TAS addresses issues around poor knowledge of what SGBV is, ignorance of existing medical policies and laws, ignorance of available services, and low uptake of medical and legal services.
Stories of SGBV were collected, recreated by traditionally storytellers, and recounted to community members. A total of 12 storytelling events were organized recounting 28 stories crafted from lived experiences. The stories addressed knowledge of SGBV types (6 types included in Cameroon SGBV policies); knowledge of available services (medical, mental health, legal, and empowerment); knowledge on impacts of SGBV on physical health, infections, pregnancy, self-esteem, and income; actions to take in case of SGBV; escape routes for SGBV; and cultural aspects of SGBV.
One short/danceable song conveying messages of types of SGBV and how to recognize them, actions to take incase of suspected SGBV, and escape routes from SGBV. The song is simple enough for nursery kids. Song has been taught in 50+ schools with over 26,000 kids actively singing them.
Stakeholders were engaged at community, regional, and national level. This included engaging policymakers at central level with 6 ministries and 1 regional assembly currently actively engaged.
A household survey of incidents of SGBV was conducted to estimate prevalence of SGBV. The results were then shared with government partners to facilitate uptake and scale of the innovation.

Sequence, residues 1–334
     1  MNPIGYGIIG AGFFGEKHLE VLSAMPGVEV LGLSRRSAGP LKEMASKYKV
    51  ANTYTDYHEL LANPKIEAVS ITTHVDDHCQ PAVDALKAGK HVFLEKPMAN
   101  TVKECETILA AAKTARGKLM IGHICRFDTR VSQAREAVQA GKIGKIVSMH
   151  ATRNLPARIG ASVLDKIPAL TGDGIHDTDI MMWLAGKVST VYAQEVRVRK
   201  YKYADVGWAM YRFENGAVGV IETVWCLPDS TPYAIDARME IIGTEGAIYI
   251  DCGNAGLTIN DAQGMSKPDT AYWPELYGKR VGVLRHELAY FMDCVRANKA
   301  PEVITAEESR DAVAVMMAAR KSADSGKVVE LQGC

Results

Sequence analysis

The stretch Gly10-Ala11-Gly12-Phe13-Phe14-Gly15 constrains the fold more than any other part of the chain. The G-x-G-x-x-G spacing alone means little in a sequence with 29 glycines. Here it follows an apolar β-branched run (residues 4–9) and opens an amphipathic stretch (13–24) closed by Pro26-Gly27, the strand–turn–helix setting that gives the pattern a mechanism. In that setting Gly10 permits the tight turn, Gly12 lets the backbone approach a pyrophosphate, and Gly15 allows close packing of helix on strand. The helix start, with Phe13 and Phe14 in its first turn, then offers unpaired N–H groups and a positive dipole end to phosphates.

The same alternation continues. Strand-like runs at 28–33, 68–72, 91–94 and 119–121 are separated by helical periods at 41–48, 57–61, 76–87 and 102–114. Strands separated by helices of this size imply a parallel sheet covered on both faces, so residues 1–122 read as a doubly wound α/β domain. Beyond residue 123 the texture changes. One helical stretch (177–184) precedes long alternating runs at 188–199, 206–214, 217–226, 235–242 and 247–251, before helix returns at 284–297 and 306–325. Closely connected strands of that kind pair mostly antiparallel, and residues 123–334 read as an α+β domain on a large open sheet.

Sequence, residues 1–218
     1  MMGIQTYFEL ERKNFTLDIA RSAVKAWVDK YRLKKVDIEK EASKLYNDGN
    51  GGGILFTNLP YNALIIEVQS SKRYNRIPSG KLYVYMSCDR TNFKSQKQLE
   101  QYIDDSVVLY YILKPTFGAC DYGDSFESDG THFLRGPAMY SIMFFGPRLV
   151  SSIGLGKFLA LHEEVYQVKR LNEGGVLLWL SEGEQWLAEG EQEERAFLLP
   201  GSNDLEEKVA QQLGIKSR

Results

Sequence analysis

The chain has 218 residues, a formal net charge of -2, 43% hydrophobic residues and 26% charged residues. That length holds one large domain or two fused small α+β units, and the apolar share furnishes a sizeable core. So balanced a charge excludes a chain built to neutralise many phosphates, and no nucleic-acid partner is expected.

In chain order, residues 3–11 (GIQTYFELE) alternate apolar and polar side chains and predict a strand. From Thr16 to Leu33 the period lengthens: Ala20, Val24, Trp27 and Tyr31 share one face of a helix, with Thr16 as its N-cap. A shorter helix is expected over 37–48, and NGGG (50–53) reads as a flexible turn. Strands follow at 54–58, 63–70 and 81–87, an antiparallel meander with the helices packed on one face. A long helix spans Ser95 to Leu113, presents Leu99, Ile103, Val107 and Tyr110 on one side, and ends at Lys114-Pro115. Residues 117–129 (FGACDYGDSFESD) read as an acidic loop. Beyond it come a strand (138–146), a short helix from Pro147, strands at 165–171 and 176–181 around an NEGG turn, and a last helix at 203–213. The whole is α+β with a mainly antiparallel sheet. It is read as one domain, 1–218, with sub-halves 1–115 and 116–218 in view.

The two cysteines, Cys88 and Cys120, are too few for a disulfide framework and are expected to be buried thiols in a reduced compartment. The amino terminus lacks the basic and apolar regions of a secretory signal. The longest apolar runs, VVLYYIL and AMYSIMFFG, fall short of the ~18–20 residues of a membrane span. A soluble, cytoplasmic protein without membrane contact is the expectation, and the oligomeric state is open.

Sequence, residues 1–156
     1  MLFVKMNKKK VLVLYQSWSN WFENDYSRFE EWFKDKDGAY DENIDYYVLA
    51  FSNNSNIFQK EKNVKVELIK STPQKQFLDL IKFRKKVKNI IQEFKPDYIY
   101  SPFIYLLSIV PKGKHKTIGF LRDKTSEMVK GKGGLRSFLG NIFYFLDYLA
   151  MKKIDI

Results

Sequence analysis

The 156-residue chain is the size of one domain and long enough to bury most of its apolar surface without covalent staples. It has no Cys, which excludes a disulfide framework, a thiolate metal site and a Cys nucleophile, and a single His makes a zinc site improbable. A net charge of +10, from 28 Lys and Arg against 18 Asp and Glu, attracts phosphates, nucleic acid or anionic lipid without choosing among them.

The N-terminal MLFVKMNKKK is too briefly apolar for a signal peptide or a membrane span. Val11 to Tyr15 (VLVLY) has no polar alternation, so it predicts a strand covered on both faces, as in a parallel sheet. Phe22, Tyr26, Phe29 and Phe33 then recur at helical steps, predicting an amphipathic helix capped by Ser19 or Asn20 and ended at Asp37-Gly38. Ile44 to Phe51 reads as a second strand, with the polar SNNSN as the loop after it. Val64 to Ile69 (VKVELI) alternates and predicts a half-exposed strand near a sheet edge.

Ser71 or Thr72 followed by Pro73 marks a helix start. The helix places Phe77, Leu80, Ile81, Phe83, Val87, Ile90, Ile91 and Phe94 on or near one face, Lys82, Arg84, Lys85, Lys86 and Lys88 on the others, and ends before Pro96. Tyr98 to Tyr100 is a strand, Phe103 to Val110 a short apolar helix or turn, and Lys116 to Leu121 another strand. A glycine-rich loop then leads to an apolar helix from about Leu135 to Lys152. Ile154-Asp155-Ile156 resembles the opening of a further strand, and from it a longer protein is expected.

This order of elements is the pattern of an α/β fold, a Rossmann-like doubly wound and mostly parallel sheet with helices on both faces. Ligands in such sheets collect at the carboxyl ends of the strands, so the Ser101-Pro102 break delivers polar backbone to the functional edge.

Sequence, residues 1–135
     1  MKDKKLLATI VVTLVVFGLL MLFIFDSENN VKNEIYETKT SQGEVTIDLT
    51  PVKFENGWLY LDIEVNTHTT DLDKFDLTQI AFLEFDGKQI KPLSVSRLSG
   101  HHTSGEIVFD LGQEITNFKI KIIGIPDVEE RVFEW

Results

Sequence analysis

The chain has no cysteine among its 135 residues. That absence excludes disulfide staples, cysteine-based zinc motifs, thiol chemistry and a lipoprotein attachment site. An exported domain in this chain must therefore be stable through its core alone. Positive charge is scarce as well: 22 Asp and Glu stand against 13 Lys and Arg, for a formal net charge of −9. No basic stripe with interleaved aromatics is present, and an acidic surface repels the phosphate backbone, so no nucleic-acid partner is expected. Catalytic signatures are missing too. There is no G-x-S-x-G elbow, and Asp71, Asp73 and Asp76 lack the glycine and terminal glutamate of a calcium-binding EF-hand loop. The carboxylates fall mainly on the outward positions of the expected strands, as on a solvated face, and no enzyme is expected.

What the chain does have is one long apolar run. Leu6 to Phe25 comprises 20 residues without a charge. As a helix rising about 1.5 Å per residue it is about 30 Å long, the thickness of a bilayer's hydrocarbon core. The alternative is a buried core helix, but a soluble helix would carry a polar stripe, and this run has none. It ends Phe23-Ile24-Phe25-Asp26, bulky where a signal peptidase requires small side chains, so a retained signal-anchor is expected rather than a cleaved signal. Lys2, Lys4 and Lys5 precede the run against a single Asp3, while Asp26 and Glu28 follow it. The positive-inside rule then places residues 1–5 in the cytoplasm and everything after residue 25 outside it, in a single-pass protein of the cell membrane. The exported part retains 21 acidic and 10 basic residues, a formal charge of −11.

TAS increased knowledge on types of sexual and gender-based violence (62.87%), available medical services (29%), mental health services (14.59%) and available legal services (16.28%) in 715 community members assessed.
TAS reinforced positive intensions towards SGBV, uptake of medical services, and uptake of legal services.
Prevalence rates of SGBV based on household surveys in the Ntanka community (61%) is higher than national statistics (51%), raising questions of whether a national household survey could give differing results.
There is a high rate of acceptability and relatability with the storytelling, with 64 out 64 community members affirming acceptability for the intervention.
Aweh Annih Akofu, Ambang Tatianne, Penka Marthe, Che Myra, Patrick Okwen all Affiliated with eBASE.
Acknowledgements: The author(s) is solely responsible for the content of this article, including all errors or omissions; acknowledgements do not imply endorsement of the content. The author is grateful to Siziwe Ngcwabe, the content committee and the Africa Evidence Network team for their guidance in the preparation and finalisation of this article as well as their editorial support.
Disclaimer: The views expressed in published blog posts, as well as any errors or omissions, are the sole responsibility of the author/s and do not represent the views of the Africa Evidence Network, its secretariat, advisory or reference groups, or its funders; nor does it imply endorsement by the afore-mentioned parties.